URBANA — The White House has nominated a career federal prosecutor from Savoy to fill the judicial seat that will become open when U.S. District Court Judge Michael McCuskey takes senior status this summer.
But assuming the U.S. Senate agrees that Colin Bruce should get that job, it could be a while before he can hear the kind of cases he knows best — criminal — because he would have to recuse himself from cases that started under his watch.
Bruce, 47, has been an assistant U.S. attorney in the Central District since his graduation from the University of Illinois College of Law in 1989. He has prosecuted drug conspiracies, computer-related investigations, frauds and civil matters.
Since 2010, Bruce has been the first assistant U.S. attorney for the Central District, supervising attorneys in all the offices of the district. While his duties are mostly administrative, he still goes to court.
An older brother to former University of Illinois trustee and Chicago attorney Devon Bruce, and nephew to former 19th District Congressman Terry Bruce, a Democrat from Olney, Colin Bruce is married and has two children.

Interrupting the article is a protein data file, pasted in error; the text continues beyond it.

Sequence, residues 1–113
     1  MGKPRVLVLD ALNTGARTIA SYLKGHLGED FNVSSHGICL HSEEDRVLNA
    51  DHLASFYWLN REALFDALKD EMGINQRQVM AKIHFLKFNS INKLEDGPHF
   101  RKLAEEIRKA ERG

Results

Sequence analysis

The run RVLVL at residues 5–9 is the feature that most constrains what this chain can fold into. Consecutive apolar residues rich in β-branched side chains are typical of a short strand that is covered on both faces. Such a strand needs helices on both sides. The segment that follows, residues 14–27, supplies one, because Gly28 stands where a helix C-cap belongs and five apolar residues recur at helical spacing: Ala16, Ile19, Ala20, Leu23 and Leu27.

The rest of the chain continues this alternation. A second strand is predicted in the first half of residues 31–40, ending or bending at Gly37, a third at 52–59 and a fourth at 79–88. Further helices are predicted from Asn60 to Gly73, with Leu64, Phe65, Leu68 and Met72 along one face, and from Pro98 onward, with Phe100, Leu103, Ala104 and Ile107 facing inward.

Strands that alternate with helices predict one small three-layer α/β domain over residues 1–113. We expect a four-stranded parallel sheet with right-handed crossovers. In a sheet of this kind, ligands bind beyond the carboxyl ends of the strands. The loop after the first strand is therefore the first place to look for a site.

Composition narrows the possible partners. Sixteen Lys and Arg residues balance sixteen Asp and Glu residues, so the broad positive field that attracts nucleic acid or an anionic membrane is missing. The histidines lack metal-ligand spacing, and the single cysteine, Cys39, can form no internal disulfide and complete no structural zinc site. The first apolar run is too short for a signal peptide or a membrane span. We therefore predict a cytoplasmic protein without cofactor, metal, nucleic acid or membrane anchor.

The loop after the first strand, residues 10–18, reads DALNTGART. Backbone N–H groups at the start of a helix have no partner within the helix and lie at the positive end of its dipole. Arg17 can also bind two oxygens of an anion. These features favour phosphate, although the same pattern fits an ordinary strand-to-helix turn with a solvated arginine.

Bruce was recommended to the president by Sen. Dick Durbin, D-Ill.
Christina Mulkin, a spokeswoman for Durbin, said there is no way to put a timeline on the confirmation process.
"Once the papers are submitted, the names go to the Senate Judiciary Committee for review. The senators have a chance to submit questions. Nominees can answer the questions, and they have a hearing. Once they have a hearing, they have about a week ... to take a vote within committee on whether the nominee goes forward. Once that happens, it gets put on the Senate calendar and could be put up for a vote any time," she said.
Bruce's name should be familiar to members of the committee who have been around at least three years. In February 2010, the White House submitted Bruce as one of four candidates for two judgeships in the Central District that ultimately went to Sue Myerscough and James Shadid in March 2011.
McCuskey was nominated by President Bill Clinton in late July 1997, but not confirmed by the Senate until April 2, 1998.
Although McCuskey will be on senior status, meaning he can work as much or as little as he likes, he has promised to stick around "to make sure I clean up the criminal docket."
"I would be the only person here to clean up the docket because Judge Harold Baker doesn't do criminal cases," said McCuskey, who said his current caseload is greater than at any other time in his judicial career.
"I'm only going to do this for some time. I haven't promised anybody anything past 2014," he said.